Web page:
March 09, 2004
2004's Solution Selling Challenge: Twice the Result at Half the Cost
In the post-bubble enterprise software market, customers are better-informed, demand is driven neither by fear nor greed, and the "tech-savvy" black turtleneck has been superceded by the "process-aware", "industry-experienced" suit as de rigeur for the sales team. Consequently, virtually every job description for open sales positions in the business today screams for "solution selling skills".
However, collapsing price points driven by three big "O's" -- operating discipline, offshore development, and open standards -- are constraining the typical technology firm's ability to spend on these skills. In response, many are trying to shoehorn what was $200k/year (total comp) sales talent and experience into $100k/ year jobs, relying on a surplus of supply to hold comp costs in check. However, in an improving market, people have alternatives, and loyalty's under pressure. So what's a technology firm to do?
A few years ago, vendors sold CXO-high, deals were big, and margins were huge. Sales reps could be indiscriminately complemented by their own or a partner consulting firm's specialists, each with 10-20 years' experience in the relevant function or industry, to chase leads. Today's market requires more efficiency. To date, however, meeting this need for efficiency has been tackled narrowly and tactically with sales training, collateral development, and knowledge management applications, with indifferent results. A more thoughtful approach takes a more global, process-based view of sales and marketing activities, retains fewer but very-highly-qualified "solution-selling" specialists, and invests these resources more intensively in the earlier stages and in a more leveraged way later on.
A sales and marketing pipeline has three basic stages: lead generation, qualification, and advancing to close. Based on our experience, most firms need to invest more in developing and communicating process- or industry-related intellectual capital for lead generation. They need to use this intellectual capital more intensively to screen leads for customers' likely investment, potential payback, and organizational commitment to implementation. Finally, they need to spend more to codify solution skills into documented workshops that can be charged for, and executed by less experienced staff.
Here's a quick litmus test:
How many business functions and industry verticals do you sell to? For how many of these:
-do you have a specific white paper with at least one relevant case study or survey? (5 points)
-do you have an article published in an independent third-party journal or analyst firm report? (For a good example, see Jamie's recent article in MX Magazine.) (10 points)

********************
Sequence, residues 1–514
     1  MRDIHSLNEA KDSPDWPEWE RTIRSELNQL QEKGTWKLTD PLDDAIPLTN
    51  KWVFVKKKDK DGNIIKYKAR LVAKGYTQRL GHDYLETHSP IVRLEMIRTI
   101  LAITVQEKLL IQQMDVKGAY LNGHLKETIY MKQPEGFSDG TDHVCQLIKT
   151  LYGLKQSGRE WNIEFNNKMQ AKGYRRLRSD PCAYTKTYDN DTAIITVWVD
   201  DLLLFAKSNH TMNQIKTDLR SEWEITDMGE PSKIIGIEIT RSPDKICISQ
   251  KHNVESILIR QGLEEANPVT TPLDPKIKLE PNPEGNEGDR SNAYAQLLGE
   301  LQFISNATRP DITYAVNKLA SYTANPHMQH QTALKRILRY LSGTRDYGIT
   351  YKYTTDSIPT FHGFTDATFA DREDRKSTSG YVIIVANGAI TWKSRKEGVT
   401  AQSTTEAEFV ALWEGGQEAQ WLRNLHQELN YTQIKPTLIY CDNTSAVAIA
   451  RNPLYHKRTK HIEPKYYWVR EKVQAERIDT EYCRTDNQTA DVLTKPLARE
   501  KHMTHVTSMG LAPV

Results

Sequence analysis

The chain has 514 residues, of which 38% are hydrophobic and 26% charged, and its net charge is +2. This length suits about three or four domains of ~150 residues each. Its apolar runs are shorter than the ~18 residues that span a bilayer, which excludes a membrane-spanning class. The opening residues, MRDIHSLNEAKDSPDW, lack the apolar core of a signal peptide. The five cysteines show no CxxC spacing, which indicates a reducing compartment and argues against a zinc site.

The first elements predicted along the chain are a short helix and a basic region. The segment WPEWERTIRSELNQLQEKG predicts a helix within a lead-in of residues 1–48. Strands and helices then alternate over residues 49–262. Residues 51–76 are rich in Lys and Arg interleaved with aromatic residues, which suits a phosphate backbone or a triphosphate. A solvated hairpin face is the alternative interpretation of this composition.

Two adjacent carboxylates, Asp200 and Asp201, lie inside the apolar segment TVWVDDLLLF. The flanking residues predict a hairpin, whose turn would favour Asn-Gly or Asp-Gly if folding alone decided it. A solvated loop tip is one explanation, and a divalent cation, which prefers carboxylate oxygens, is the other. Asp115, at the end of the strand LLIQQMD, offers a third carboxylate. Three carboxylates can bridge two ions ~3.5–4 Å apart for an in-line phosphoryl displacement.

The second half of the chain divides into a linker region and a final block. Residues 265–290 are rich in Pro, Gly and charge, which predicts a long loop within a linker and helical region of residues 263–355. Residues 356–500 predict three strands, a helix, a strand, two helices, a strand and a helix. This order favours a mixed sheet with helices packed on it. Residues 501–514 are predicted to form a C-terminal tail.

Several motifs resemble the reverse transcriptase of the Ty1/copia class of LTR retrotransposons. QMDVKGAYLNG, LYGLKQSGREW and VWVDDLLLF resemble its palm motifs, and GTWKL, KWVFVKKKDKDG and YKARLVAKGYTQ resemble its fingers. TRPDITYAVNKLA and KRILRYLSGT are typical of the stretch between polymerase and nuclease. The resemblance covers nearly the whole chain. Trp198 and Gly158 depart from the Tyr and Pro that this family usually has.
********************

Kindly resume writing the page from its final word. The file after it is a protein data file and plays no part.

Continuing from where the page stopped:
-do you have an expert (in-house or tight partner) that would be regarded as such by customers and the media, based on prior jobs and visibility (e.g., quoted in relevant press 3-4x/ year)? (10 points)
-do you have at least one speaking engagement in the last six months in a relevant forum? (5 points)
-do you have an academic research partnership that has had you jointly in front of customers? (10 points)
-do you have a specific process- and financial model for calculating potential ROI? (5 points)
-do you have a formal workshop (with detailed, specific materials like interview guides and sample outputs) for customers that defines the solution roadmap around your product or concept? (10 points)
-do you budget specialist time to deals based on size and stage, and have a way of accounting for that to determine which deals and reps are consuming these resources? (5 points)
Less than 15 points-- you have issues; the silver lining is plenty of opportunity, too.
15-45 points -- you need to move beyond lip service to solution selling. Maybe the quiz can suggest some additional ideas
45 points or more -- you've got the idea, if it's not working maybe it's a question of execution -- what do your customers think?
So how does this translate into twice the result at half the cost?
On the front end of the process, going narrower and deeper in selected functions and industries has the inevitable effect of getting your firm's expert better networked with customers in the relevant sphere. Research by the Sandler Sales Institute (as quoted on page 24 of Dianne Darling's "The Networking Survival Guide" (McGraw Hill, 2003)) quantifiably bears out the vastly higher sales success rates from networking versus cold-calling. (This helps to explain the appeal of social networking solutions.) Sandler found close rates from referral-based leads to be at least 15%, versus 1% for traditional cold-calling.
On the back end of the process workshops are a great way to "trial-close" to qualify and advance more effectively. "If I can get our senior financial services expert -- who is much in demand -- in for a workshop on applying our solution for your business, can you get the senior decision-makers for this investment to agree to attend?" Or, "If you can commit to get all of the senior decision-makers there, I can offer the workshop for free, since it makes the process more efficient for both of us." And by documenting these workshops rigorously, a senior person can be leveraged by more junior people for the less "high-touch" aspects of the solution implementation process (data gathering, etc.)
So as they say, "publish or perish". Please let us know what your experience has been.
Copyright 2004, ESM Partners and Cesar A. Brea
March 9, 2004 | Permalink
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